Recording Session: Piano

What a great Columbus day! I’ve been planning this session since, like, May. It all started last February when my daughter’s speech and debate club hosted a tournament at First Baptist Church of Norfolk. I helped out leading some music during their opening convocations each morning, and got to play their fantastic 9-foot Steinway grand piano. It was a joy and inspiration to play.

A few months later, frustrated with the piano samples I have available on my music computer, I got a wild hare and contacted the music director through their website to see if it would be all right for me to record at their piano. Long story short, it was – although it took over four months to coordinate a date.

Monday morning my roadie Bethany and I headed out for Norfolk bright and early for a recording session. I was armed with some new mic stands that I picked up for a song on closeout back in Champaign, my trusty Apex ribbon mic, MXL tube mic, and a borrowed Zoom R16.

I’ve been researching piano microphone techniques for nearly two months. I knew that we had a tried and true method back when we recorded Beyond the Horizon, but we had really optimized the placement for a progressive rock mix. I wanted something a little softer, but not so distant as a typical classical recording setup.

I ended up placing the microphones under the lid, but back from the hammers and up relatively high, as can be seen in the opening photo. The ribbon mic is over the bass strings about halfway back and the tube condenser is over the treble. Up high is a small diaphragm condenser (SDC) – but not the one I brought with me. Mine is really, really cheap, but when I got to the church, they had some really nice AKG C460B‘s in their string section, so I borrowed one for the morning.

Finally, the Zoom R16 has two built-in microphones, so I decided to use them as well. The question was where to place them? My first thought was out in the room, somewhere, collecting room tone. Well, the airborne SDC was already taking care of that.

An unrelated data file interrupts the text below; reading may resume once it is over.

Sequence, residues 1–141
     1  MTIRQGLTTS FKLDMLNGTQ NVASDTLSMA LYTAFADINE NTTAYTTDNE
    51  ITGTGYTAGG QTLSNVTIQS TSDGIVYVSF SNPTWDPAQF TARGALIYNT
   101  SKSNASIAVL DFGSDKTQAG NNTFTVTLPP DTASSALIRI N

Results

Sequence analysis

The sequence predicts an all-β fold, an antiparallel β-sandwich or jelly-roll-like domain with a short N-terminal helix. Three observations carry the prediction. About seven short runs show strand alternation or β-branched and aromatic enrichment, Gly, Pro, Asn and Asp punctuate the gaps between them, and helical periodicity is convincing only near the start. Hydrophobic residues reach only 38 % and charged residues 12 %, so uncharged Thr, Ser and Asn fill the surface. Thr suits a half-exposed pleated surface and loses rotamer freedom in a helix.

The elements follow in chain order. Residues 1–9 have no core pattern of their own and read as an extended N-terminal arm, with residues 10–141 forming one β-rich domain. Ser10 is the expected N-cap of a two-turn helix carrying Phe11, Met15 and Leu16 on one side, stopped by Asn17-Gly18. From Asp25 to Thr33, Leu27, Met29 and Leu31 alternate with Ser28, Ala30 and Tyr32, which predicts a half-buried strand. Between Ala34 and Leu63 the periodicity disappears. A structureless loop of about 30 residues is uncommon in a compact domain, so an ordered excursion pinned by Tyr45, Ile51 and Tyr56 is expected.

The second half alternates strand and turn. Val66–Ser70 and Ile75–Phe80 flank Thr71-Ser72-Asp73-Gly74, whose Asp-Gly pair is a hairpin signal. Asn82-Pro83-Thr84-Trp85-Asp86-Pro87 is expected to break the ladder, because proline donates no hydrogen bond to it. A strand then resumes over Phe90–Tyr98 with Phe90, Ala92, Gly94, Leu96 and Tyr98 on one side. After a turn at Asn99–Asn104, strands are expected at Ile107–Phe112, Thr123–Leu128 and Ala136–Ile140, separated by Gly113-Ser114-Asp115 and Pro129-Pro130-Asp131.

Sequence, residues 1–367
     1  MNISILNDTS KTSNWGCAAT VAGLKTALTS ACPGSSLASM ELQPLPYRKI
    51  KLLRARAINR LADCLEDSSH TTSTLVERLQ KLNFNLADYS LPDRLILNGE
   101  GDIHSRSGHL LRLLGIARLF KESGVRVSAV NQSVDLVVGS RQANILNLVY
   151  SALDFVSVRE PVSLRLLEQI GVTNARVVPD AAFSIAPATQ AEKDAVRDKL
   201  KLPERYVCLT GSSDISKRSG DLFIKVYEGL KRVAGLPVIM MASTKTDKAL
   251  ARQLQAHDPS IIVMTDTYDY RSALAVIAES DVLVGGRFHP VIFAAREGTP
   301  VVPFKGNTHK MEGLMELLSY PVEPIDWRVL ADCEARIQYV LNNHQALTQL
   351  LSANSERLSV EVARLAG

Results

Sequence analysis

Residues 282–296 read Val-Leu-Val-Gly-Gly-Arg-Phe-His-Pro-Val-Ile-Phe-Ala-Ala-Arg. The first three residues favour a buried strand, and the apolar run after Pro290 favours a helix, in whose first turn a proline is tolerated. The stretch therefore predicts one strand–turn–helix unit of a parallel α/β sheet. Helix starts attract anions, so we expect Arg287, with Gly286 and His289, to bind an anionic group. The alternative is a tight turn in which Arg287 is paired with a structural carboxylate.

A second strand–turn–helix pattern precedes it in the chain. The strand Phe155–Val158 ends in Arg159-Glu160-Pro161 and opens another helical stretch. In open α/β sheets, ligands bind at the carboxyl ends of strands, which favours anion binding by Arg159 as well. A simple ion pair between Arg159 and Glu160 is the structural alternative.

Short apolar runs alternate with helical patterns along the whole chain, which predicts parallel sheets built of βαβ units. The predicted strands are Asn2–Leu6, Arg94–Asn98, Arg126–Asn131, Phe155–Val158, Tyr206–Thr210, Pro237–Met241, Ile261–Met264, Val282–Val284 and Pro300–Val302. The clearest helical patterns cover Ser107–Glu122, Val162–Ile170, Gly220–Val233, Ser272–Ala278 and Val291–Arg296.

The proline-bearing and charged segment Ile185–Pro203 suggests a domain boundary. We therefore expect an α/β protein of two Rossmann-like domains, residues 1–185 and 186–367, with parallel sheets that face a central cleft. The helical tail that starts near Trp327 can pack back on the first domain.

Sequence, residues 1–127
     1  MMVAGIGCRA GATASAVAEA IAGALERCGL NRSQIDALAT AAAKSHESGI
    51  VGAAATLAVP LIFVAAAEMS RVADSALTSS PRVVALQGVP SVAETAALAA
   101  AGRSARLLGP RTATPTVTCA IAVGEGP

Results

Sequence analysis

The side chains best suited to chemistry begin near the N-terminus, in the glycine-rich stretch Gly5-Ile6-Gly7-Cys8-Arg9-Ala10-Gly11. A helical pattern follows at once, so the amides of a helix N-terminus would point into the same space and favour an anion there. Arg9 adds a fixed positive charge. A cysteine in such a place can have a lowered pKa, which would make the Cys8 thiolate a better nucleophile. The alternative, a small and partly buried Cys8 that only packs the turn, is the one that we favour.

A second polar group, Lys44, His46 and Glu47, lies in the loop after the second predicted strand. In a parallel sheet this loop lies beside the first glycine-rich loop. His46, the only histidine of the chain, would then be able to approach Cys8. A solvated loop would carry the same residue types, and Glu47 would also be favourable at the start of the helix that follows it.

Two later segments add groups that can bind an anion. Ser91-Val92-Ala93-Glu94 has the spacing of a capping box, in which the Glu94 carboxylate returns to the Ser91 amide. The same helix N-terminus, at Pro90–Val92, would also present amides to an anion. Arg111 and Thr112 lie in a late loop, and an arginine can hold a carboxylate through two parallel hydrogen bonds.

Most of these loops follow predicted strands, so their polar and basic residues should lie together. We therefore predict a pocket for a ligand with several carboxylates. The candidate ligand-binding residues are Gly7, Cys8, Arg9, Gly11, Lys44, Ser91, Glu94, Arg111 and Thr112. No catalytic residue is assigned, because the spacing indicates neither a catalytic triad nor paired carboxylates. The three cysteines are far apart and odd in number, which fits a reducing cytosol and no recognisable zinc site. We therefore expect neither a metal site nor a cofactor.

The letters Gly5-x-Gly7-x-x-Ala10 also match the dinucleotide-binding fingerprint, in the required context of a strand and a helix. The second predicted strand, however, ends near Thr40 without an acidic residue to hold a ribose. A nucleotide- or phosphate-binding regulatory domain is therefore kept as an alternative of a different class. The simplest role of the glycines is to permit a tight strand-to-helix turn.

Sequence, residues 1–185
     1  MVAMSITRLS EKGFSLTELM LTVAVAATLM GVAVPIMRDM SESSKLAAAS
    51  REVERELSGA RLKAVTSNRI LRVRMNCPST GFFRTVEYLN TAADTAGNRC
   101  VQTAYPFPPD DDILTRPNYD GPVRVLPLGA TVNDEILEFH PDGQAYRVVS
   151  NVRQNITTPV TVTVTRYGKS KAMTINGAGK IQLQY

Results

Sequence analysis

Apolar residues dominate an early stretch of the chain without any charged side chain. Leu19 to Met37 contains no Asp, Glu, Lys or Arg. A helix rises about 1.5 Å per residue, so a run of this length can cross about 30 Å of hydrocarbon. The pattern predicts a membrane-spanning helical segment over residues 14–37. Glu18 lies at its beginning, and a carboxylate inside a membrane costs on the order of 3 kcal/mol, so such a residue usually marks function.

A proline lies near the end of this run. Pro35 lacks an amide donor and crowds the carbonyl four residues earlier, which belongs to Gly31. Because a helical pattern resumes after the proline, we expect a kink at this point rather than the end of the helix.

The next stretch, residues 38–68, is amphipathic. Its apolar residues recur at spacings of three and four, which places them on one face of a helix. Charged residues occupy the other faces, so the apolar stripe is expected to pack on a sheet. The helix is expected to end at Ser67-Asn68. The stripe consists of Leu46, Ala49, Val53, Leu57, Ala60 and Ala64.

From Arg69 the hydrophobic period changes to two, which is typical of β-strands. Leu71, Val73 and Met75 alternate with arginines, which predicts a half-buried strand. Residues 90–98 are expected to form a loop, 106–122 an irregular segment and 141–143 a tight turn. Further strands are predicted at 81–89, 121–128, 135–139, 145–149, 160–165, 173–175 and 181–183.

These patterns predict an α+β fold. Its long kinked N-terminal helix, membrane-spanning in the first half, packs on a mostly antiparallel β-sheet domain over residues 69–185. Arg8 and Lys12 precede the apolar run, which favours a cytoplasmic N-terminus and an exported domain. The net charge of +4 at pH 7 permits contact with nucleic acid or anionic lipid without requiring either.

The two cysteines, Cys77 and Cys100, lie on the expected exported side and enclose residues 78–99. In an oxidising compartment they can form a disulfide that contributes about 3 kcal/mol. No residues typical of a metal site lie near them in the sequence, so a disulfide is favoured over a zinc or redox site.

Then I read that one “big” producer liked to mic his pianos from underneath the sound board. Genius. The church had small carpeted steps scattered about the platform bridging the various levels. I absconded with one of those, placed it on the piano dolly frame and set the recorder on that.

The resulting tracks don’t have a ton of attack – more of a warm woody sound. I’m looking forward to seeing how they mix in with the rest of the tracks.

I recorded each song as one long take – I did two complete takes of each song and then went back to pick up sections I knew I blew both times. Sometimes I also stopped right after an error, backed up, and played over that section again. I figure I’ll have to edit everything together when all is said and done, anyway.

The plan is to import the five separate tracks into Sonar and then mix them down to a single stereo track. I’ll apply whatever filtering and EQ I need to the individual tracks before bouncing them down. Once I have a single stereo track to deal with, it will be a lot easier to edit together a performance.

Once I had 5 of the seven songs laid down, I rearrange the microphones. For the first five songs, the piano is either a solo instrument or half of a duet. For track six, I’m playing along with a jazz ensemble (prerecorded via my iPod).

Since I’m sharing sonic real estate with the whole band, I didn’t want to create such a huge sound. I’ll probably not even use the under-piano mics. The main thing I did was set the two primary mics up in a mid-side recording arrangement. I described mid-side in my earlier post about recording dulcimer, so I won’t rehash it here. Suffice it to say that it should create a nice stereo image of the piano without stepping on the other instruments because I will have great control over the stereo width.

The last song I recorded was not for this project. It’s a demo of a worship song I wrote several years ago and never got around to recording. I pulled the high mic (the SDC) down and borrowed one of the church’s nice Beta 57s for my vocals.

At 11:30 Bethany and I were cleaning up and resetting the platform. I had moved the piano out so I could mic it cleanly without getting reflections directly from the wall directly behind it. I also had to re-plug everything of theirs that I had unplugged.

One last note, if you would like to leave a comment about this post, I welcome it. I love to hear what people think. However, if you are reading this via Facebook, I ask that you leave your comment here on my blog site – it’s much more permanent than Facebook, and available to readers who are not my Facebook friends (hopefully I have a few of those at least).

 

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